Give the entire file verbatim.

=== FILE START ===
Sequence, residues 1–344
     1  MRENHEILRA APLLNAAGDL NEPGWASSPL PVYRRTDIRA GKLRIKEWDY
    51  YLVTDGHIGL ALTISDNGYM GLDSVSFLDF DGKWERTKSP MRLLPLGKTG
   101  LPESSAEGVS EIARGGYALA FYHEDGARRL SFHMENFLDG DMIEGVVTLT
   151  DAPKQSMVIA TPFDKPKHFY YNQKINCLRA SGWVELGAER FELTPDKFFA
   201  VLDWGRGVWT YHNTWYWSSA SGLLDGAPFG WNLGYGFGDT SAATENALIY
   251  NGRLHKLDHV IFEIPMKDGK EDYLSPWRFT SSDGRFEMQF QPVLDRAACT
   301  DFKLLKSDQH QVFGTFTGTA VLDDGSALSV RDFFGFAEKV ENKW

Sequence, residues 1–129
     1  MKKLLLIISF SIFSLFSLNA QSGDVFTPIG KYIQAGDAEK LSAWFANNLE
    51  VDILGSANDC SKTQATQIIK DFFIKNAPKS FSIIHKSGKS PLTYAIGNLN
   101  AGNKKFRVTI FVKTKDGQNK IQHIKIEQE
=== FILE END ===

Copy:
Sequence, residues 1–344
     1  MRENHEILRA APLLNAAGDL NEPGWASSPL PVYRRTDIRA GKLRIKEWDY
    51  YLVTDGHIGL ALTISDNGYM GLDSVSFLDF DGKWERTKSP MRLLPLGKTG
   101  LPESSAEGVS EIARGGYALA FYHEDGARRL SFHMENFLDG DMIEGVVTLT
   151  DAPKQSMVIA TPFDKPKHFY YNQKINCLRA SGWVELGAER FELTPDKFFA
   201  VLDWGRGVWT YHNTWYWSSA SGLLDGAPFG WNLGYGFGDT SAATENALIY
   251  NGRLHKLDHV IFEIPMKDGK EDYLSPWRFT SSDGRFEMQF QPVLDRAACT
   301  DFKLLKSDQH QVFGTFTGTA VLDDGSALSV RDFFGFAEKV ENKW

Sequence, residues 1–129
     1  MKKLLLIISF SIFSLFSLNA QSGDVFTPIG KYIQAGDAEK LSAWFANNLE
    51  VDILGSANDC SKTQATQIIK DFFIKNAPKS FSIIHKSGKS PLTYAIGNLN
   101  AGNKKFRVTI FVKTKDGQNK IQHIKIEQE